Curbing red meat consumption has seen many British consumers switch pork and beef for chicken, but a new report from Greenpeace warns this is fuelling deforestation in South America.
Supermarkets and fast food chains in the UK are driving demand for chicken by ramping up promotional offers as more consumers move away from red meat for health, animal welfare and environmental grounds.
However, the ‘Winging it: How the UK’s chicken habit is fuelling the climate & nature emergency’ reveals that much of the chicken sold in the UK is contributing to the destruction of wildlife-rich forests in South America.
The UK imports over three million tonnes of soya every year from Argentina, Brazil and Paraguay to feed factory farmed animals – primarily chickens. Over one billion chickens are slaughtered in the UK every year, 95% of which are intensively farmed – a model of production that relies on industrial feed containing soya.
Meeting Britain’s annual demand for soya requires 1.4 million hectares of land – an area larger than Northern Ireland – and vast swathes of forest and wildlife-rich savannah in South America are being destroyed to grow the crop.
Greenpeace surveyed 23 UK leading food brands about their chicken sales and soya usage, including supermarkets, fast food outlets and other quickserve restaurants.
It found that UK supermarkets account for two-thirds of the UK’s soya imports – the vast majority for animal feed. Tesco alone admits to using one sixth of the UK’s soya – 99% of if for animal feed.
Moreover, leading supermarkets are buying their soya from commodity giants like Archer Daniels Midland (ADM), Bunge and Cargill, all of which have been involved in the destruction of forests or other habitats in the Brazilian Cerrado.
None of the companies surveyed could guarantee the soya they use for meat production was deforestation-free. Some, like McDonald’s, KFC, Burger King, Nando’s and Subway refused to disclose their meat sales or soya use altogether.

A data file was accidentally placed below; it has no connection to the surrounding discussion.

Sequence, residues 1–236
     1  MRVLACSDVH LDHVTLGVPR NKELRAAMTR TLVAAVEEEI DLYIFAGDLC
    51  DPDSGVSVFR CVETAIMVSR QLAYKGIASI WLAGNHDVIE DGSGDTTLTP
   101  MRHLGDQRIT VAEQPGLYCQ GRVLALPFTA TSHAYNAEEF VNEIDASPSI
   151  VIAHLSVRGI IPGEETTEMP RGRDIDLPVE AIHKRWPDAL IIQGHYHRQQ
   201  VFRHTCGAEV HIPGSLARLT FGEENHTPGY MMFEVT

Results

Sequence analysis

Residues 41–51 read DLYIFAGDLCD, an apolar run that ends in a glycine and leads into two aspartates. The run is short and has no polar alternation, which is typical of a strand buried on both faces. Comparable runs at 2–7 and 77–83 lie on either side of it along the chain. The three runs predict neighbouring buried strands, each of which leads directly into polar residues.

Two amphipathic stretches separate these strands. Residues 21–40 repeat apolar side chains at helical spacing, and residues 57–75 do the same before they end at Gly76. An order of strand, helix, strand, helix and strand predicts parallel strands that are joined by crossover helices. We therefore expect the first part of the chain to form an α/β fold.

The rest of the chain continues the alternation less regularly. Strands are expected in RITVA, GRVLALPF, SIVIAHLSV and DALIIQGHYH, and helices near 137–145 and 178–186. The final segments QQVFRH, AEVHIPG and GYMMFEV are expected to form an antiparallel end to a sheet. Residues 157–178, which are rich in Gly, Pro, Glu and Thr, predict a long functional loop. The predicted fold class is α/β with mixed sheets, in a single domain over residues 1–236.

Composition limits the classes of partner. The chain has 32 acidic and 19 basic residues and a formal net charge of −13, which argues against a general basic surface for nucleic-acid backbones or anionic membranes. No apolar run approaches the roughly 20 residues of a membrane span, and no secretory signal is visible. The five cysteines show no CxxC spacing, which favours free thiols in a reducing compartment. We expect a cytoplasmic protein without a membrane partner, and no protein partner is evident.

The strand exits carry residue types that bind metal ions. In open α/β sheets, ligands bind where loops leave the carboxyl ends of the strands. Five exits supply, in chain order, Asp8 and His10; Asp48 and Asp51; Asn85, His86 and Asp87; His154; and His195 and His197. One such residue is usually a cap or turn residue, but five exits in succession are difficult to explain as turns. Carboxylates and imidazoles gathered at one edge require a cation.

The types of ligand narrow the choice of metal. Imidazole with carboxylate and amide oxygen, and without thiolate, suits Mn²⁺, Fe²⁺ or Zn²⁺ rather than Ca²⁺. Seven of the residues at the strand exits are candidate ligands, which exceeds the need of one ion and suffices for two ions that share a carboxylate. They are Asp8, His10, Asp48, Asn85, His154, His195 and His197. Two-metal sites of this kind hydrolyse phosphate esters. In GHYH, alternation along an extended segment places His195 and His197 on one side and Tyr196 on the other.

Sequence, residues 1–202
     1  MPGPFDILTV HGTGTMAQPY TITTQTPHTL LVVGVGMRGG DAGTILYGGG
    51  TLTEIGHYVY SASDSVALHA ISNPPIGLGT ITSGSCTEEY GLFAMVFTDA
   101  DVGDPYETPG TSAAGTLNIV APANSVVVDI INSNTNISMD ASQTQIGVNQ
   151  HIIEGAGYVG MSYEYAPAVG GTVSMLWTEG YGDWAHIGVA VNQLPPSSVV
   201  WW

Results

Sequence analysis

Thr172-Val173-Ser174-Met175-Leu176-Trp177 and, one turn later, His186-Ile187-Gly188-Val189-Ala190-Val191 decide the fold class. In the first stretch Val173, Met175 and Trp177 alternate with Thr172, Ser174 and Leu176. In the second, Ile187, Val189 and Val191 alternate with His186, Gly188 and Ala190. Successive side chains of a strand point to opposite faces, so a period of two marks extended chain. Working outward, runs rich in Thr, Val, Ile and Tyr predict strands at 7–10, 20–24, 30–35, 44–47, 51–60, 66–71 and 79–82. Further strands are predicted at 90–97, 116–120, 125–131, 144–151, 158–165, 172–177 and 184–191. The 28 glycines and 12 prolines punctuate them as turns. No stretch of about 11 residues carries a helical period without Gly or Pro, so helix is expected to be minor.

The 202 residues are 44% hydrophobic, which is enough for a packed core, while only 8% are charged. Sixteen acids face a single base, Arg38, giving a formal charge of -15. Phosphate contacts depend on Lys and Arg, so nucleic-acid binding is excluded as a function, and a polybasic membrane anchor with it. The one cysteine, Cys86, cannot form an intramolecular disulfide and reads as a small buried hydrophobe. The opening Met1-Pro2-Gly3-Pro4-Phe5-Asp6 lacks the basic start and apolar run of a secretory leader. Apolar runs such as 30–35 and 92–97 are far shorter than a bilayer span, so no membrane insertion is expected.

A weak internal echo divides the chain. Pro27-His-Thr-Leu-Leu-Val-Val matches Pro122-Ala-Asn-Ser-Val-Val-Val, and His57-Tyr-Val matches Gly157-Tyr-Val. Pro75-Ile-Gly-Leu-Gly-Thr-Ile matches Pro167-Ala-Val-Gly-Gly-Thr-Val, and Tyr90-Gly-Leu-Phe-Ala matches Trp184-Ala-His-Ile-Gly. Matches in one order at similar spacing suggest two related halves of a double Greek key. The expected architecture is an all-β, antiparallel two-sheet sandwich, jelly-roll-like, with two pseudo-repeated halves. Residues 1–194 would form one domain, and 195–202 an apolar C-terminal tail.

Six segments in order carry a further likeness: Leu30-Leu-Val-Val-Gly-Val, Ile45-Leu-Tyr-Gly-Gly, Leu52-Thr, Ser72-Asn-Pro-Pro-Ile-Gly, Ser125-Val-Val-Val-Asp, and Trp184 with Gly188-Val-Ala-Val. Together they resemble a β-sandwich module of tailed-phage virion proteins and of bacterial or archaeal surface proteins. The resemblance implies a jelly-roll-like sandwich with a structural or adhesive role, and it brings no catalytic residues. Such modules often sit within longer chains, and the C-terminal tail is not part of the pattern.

Some leading supermarkets claim to be supporting the production of sustainable soya but in practice, this means buying credits to offset their soya use.
Not a single company contacted by Greenpeace was able to demonstrate it was actually tracking the full amount or origin of soya consumed as animal feed in its supply chain.
Currently only 2% of soya is covered by actual certification schemes, which still does not guarantee deforestation-free.
Meanwhile, market research by Kantar shows retailers are aggressively promoting chicken products to their customers. Promotions of chicken breasts have gone up by 46% and price cuts have doubled last year compared with 2018. Promoted sales of chicken legs have more than doubled (+158%) and price cuts trebled over the same period.
“For too long the impact on our planet of growing crops for UK chicken feed have been overlooked. A straight swap from beef to chicken effectively amounts to outsourcing emissions of our meat consumption from the UK to South America,” said , Greenpeace UK forest campaigner Chiara Vitali.
“The simple truth is, we cannot continue to consume any type of industrially-produced meat in the volumes we currently are. It’s why we’re calling on companies to set clear meat reduction targets and be transparent about where their animal feed comes from.”
Vitali added: “High street giants like Tesco and Sainsbury’s should be responding to the climate and nature emergency by helping customers move to a healthier plant-based diet. McDonald’s, KFC, Nando’s and Burger King can’t hide behind a refusal to disclose.
“Their business models are incompatible with protecting our planet for future generations, which makes them incredibly high-risk companies.”